That being said, I know there is a dark side to social media use as well. Issues like cyber bullying continue to plague these social networks, and can end up creating mental health challenges instead of assisting them. That’s why I think it’s so important to practice the kinds of values that are promoted on these trending days, like acceptance and understanding, year round.

With 30 years of experience in the mental health field, seeing the outpour of support that comes through on social media on days like #BellLetsTalk or #WorldMentalHealthDay is amazing. While I don’t love every aspect of social media, I do love the mental health community that has emerged as a result of it.


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Part 1 of 3: Today’s Post-Secondary School Student

o-MULTITASKING-facebookStudents entering college or university several decades ago lived a very different experience than today’s student: They used landlines, hand-wrote their essays and researched topics using only library books and encyclopedias. Today’s university student is a millennial, born between 1980 and 1994, and while this student benefits from smaller cellphones and Internet access, they embody a host of generation-specific difficulties when adapting to post-secondary education, most notably, mental health issues.

So what does today’s university and college student look like?

“Helicopter” Parents: The average student often comes from a very supportive familial unit, where parents are very involved with their child’s life, including their extra-curricular activities, academics and social calendar. Sometimes, this involvement leads to underdeveloped coping and problem-solving skills in children, because they learn that their parents want to protect them from difficulty or discomfort. This can result in university-aged students who have trouble managing stress and conflict when they experience the independent lifestyle of post-secondary education.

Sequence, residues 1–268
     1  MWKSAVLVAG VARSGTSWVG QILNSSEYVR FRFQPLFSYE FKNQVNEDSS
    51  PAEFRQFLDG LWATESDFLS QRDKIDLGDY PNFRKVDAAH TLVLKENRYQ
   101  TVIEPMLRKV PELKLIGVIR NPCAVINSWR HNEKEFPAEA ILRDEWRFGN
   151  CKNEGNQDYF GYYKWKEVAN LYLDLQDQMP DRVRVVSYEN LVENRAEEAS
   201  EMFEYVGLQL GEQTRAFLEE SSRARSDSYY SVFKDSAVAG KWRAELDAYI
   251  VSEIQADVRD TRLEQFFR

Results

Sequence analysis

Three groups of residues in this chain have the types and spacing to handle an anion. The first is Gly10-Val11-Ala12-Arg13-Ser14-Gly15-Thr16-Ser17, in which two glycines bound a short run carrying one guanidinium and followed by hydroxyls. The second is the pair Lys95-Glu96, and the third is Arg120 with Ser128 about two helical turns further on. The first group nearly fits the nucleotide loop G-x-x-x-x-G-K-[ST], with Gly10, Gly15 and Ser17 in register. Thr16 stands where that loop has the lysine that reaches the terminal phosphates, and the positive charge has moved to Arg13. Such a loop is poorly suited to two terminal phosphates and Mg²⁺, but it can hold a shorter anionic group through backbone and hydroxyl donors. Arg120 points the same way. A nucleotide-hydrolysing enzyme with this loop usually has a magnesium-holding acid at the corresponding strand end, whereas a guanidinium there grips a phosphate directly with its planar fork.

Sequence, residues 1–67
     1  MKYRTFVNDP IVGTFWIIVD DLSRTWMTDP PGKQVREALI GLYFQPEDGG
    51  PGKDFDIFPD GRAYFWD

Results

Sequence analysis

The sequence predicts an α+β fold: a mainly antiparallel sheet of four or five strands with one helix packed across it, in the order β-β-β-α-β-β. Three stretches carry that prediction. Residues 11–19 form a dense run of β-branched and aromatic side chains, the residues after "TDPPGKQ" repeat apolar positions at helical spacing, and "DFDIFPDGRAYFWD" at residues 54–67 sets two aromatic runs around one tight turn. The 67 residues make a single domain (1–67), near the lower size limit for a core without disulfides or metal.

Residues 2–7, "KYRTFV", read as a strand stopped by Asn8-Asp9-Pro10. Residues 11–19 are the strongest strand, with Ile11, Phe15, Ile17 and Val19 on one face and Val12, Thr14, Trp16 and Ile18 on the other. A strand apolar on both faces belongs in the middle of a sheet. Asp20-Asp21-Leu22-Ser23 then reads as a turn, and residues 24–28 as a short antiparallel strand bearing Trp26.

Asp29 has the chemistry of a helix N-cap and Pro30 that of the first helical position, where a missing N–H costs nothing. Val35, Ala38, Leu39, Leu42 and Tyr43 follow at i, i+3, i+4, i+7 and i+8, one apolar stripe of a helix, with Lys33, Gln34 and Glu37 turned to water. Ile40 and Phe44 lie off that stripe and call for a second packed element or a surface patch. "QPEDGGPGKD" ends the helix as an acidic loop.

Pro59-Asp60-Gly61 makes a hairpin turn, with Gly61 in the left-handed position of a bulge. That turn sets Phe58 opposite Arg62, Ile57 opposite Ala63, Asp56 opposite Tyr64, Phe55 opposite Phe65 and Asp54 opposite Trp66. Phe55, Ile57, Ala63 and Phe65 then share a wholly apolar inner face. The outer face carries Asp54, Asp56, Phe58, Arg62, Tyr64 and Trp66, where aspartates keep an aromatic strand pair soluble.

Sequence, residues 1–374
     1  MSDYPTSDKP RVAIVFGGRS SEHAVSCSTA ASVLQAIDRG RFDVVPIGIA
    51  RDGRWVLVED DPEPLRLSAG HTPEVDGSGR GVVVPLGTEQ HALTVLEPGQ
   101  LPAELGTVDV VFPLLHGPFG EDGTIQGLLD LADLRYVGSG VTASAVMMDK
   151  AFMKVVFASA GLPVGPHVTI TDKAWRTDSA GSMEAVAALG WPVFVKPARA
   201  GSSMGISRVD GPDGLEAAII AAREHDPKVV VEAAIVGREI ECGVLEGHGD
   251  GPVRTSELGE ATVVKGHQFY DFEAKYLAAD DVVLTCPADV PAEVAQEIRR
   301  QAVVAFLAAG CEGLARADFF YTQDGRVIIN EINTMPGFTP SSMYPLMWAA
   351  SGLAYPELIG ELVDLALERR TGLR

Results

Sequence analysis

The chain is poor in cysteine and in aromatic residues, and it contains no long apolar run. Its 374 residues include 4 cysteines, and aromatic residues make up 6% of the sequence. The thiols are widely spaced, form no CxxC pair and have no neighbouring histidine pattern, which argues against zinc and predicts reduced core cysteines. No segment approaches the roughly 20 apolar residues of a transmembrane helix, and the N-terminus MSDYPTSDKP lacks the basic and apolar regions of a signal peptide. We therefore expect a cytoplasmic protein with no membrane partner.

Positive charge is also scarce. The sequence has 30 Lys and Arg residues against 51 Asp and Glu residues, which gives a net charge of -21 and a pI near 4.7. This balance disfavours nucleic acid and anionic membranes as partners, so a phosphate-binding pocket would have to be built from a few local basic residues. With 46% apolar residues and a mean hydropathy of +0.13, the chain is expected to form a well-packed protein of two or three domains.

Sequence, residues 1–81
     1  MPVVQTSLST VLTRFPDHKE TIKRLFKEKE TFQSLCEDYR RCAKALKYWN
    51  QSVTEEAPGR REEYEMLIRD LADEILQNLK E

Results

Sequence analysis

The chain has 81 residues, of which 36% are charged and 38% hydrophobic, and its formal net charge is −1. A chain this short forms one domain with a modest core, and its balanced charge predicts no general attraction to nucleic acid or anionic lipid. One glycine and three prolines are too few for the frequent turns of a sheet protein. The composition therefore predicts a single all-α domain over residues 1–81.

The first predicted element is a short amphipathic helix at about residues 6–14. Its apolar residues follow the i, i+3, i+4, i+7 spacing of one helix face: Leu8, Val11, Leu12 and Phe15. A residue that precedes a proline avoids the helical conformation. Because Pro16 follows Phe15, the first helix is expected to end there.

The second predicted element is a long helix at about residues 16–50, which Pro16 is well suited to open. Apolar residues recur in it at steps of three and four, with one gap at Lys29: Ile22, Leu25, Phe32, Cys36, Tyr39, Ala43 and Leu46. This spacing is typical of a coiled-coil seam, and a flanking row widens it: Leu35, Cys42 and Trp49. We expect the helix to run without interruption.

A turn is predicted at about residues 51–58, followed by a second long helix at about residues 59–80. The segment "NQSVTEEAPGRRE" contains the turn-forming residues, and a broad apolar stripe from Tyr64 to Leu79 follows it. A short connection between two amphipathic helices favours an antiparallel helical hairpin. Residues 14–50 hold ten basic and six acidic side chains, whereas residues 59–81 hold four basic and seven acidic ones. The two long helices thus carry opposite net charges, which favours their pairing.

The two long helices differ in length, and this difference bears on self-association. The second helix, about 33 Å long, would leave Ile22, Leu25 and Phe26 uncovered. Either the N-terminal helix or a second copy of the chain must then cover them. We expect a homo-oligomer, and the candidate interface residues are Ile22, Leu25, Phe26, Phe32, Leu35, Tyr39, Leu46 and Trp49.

Academic Pressures: Striving for individuality and well roundedness has become the goal for this generation, with a huge emphasis being placed on academic success. With this cultural pressure, a lack of consistency exists between school boards when it comes to grading and measurement of knowledge. Studies have found that students come into university or college with inflated high school grades, which can negatively affect self-esteem when entering post-secondary schooling where students are not earning the kind of grades they are used to.

Financial Stress: With the growing cultural expectation that you MUST have a degree in order to get a good job, many families cannot afford to put all of their post-secondary-bound children through school without help. Tuition rates are rising along with the cost of living, and many students rely on government funding to put themselves through school. And once students have graduated and have their degree in hand, they are left with monumental student debt and often limited job prospects.

Technology and Social Media savvy: Millennials are the most technologically connected of the generations, keeping in touch with friends and relatives all-too-easily through various social venues like Facebook, Twitter and Instagram. This constant barrage of information can lead to social anxiety and the idea that “everyone else is smarter, more successful, and has more friends than me”. With technology and mobile addiction on the rise, students are not developing vital interpersonal skills the way they have in the past, which can lead to feelings of social isolation – ironic when these are the same students with hundreds of Facebook Friends!

Today’s university and college student is bright, ambitious and well-connected and their unique challenges differ greatly from generations past. Part 2 of this series will discuss the need for change and implementation of more comprehensive support for this greatly underserviced demographic. With college and university student suicide rates on the rise in past years, mental health and mental illness need to be made a top priority. After reading this blog, do you notice any other characteristics that today’s post-secondary student embodies? I look forward to your comments below.

Sources:

http://www.collegequarterly.ca/2013-vol16-num01-winter/flatt.html

http://globalnews.ca/news/548478/young-minds-millennials-facing-increased-rates-of-stress-compared-to-other-generations/